Bad flu weather can cause stress on hospitals and clinics already doing the COVID-19 epidemic, adding urgency to annual public health campaigns, reminding people to get their flu shots – and reluctant or skeptical of vaccinations To bear
Sonoma County Health Officer Drs. Sundry Massey said the county is planning drive-through flu shot clinics to increase the likelihood that more people will be vaccinated. In March and April, some local residents contracted both COVID-19 and influenza, complicating their illnesses, according to Mase.
“We are encouraging everyone to get the flu vaccine,” Massey said.
The flu vaccine is widely known by health experts to be safe and effective which can have devastating effects of influenza, especially for the elderly and young.
Influenza is an infectious respiratory disease that is completely different from a common cold, and can result in mild illness, along with other symptoms such as cough, sore throat and congestion, the flu can also cause severe body aches and fever. Can.
Between October and April, 24,000 to 62,000 people died of influenza, according to the Centers for Disease Control and Prevention.
The data are presented as a limitation because health monitoring systems do not capture all cases of flu, and therefore the disease is considered to be much more prevalent than reports of testing and hospitalization. The CDC estimates that between 39 million and 56 million people in the nation contracted influenza in the same time period between last fall and spring.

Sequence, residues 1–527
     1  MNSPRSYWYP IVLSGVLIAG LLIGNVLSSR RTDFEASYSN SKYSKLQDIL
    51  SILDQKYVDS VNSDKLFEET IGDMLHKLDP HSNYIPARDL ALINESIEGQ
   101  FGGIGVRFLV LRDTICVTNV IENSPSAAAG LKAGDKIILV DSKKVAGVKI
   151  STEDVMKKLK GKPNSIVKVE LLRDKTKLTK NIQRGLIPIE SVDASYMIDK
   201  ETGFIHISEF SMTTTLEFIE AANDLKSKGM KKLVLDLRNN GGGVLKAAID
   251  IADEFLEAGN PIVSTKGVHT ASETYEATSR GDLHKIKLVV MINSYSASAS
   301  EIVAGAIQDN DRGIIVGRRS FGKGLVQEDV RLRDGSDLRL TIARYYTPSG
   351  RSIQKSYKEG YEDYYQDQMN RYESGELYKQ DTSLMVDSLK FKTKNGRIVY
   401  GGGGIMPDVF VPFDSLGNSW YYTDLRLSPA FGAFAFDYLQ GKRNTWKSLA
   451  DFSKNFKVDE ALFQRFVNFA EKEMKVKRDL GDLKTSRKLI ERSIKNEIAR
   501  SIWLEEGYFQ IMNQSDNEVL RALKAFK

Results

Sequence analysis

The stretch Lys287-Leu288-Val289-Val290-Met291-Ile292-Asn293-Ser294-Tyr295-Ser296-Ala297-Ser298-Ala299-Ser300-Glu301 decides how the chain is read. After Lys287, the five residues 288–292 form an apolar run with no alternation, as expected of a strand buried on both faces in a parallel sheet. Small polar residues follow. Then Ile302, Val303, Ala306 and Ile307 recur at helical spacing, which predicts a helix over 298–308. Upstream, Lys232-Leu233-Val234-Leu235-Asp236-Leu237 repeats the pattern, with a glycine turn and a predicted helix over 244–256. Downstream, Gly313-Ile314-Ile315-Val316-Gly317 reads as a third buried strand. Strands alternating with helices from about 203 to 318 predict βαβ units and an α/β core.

“This year’s vaccine is going to be very important because when you layer the flu and coronavirus epidemics – that can lead it to a boom,” Dr. Gary Green said medical director of infection control at Sutter Santa Rosa Regional Hospital.
Influenza and COVID-19 are caused by completely different viruses, but the disease usually comes with fever and chills.
And for those who get influenza, it has “a tremendous inflammatory effect on the body”, which can make it difficult for that person to fight COVID-19 according to Green.
Green cited research from Brazil, which is emerging from its flu season, suggesting people who received influenza vaccines were more likely to contract COVID-19.
This year, the flu vaccine has four strains, two for influenza A and two for influenza B. Green is said to have included just two or three strains in prior years, and this year’s vaccine should provide additional protection.
There is also a strong dose often given to people 65 and older or those with more debilitating vulnerability.
Influenza typically kills the East Coast first around September and then makes its way to the West Coast.
Green is said to be a “sweet spot” in late September or early October, although he is already giving high-dose flu vaccines to elderly patients.
“We know that the flu vaccine safety will last for months,” Green said, noting that the vaccine-approved Food and Drug Administration did not provide information on how long the vaccine provides protection to the body. “The FDA never asked, ‘Will the antibodies last for six months?” ”
While some people who get flu shots can still contract influenza, getting vaccinated means the disease is likely to be much less severe, said Kathleen Sarmento, director of nursing at Santa Rosa Community Health.
Sarmento said patients often claim they got the flu after being vaccinated – and health providers are constantly trying to dispel that notion, which is unfounded.
As with face masks worn during an epidemic, a flu shot is an important public health safeguard that helps prevent a person from getting sick or spreading the disease to others, she said.
“Keeping yourself healthy can help keep others healthy,” Sarmento said. “Go here, get your flu shot. It would be worth it to do that.”
You can reach Staff Writer Julie Johnson at 707-521-5220 or [email protected] @Jjpressdem on Twitter